Whilst the Americans have the advantage of a patriotic and famously vociferous crowd, the European team possesses four of the top five golfers in the current world rankings, with Northern Ireland’s Rory McIlroy leading the charge at number one.
However, look a little further down the rankings and you will find a top 20 dominated by Americans, and this, coupled with the home support, is why many bookmakers have them as slight favourites leading into the tournament.
Both teams have 12 players, with Friday and Saturday consisting of 4 foursome matches and 4 fourball matches, whilst the Sunday sees 12 singles matches, pitting one American against one European with one point offered for each round won. Both teams will be aiming for the magical 14 1/2 point-mark which would give them an unassailable lead and ultimately, one of the greatest prizes in golf.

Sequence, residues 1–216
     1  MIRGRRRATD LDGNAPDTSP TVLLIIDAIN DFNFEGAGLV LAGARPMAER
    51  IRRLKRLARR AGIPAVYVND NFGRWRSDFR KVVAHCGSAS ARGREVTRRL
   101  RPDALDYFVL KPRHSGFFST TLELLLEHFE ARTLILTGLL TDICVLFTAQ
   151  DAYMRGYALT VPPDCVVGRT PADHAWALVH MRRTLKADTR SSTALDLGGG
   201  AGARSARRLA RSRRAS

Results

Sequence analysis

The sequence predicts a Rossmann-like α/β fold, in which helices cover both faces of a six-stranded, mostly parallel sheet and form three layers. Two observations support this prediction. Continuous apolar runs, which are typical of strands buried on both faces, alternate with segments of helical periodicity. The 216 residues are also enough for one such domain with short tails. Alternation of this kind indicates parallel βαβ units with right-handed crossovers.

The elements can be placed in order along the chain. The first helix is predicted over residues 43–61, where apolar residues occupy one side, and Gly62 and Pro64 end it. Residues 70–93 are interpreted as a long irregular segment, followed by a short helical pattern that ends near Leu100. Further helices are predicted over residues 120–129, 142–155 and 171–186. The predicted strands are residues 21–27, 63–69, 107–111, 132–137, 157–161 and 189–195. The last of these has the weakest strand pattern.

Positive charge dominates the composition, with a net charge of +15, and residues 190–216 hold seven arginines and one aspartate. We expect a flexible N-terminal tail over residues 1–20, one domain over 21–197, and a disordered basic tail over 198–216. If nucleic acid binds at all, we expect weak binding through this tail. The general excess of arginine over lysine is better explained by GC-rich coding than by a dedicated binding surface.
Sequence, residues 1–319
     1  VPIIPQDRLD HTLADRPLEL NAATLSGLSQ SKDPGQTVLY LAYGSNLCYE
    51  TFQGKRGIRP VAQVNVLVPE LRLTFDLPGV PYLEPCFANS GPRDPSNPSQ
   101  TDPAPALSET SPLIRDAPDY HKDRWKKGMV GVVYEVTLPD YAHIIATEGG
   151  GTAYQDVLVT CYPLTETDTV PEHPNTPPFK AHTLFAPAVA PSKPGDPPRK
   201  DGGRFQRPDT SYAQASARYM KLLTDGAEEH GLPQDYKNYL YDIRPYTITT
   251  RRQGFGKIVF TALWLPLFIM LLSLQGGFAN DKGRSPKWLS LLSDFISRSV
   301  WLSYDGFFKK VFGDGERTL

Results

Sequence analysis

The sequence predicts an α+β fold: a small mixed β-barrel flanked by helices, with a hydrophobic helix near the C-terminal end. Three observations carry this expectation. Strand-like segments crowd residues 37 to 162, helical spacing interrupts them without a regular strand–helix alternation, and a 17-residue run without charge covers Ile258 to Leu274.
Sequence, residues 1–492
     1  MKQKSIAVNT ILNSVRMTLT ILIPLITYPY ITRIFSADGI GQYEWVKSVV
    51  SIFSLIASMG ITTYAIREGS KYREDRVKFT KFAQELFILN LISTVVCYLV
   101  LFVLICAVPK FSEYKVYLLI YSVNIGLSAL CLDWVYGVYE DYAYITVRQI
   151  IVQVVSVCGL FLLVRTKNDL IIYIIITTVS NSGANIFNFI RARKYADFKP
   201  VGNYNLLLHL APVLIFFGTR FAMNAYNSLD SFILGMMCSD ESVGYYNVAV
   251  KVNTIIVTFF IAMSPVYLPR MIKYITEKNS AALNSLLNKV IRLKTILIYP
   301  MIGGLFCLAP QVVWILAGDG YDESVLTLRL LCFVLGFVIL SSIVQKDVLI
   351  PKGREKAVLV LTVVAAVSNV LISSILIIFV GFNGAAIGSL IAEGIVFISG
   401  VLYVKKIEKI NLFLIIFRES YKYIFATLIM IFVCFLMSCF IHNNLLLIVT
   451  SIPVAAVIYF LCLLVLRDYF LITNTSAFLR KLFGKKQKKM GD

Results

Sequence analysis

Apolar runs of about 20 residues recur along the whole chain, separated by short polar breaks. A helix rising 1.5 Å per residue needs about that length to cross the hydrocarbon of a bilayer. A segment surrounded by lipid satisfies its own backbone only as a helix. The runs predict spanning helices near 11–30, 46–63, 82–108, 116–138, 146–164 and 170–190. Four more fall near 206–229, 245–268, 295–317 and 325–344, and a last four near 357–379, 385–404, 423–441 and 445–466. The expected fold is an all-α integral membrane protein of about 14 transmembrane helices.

Naturally, the format can seem rather confusing to those who are not avid golf watchers, so for more information, any readers should head to http://www.ryder-cup-golf.com/schedule.html.
History shows an American domination in the Ryder Cup, but recently the balance of power has somewhat shifted. As defenders of the Cup, Europe will be hoping that the trophy will be on the plane home also, though to do that, they have to beat a strong American team in what promises to be a nerve-wracking and intense three days of golf.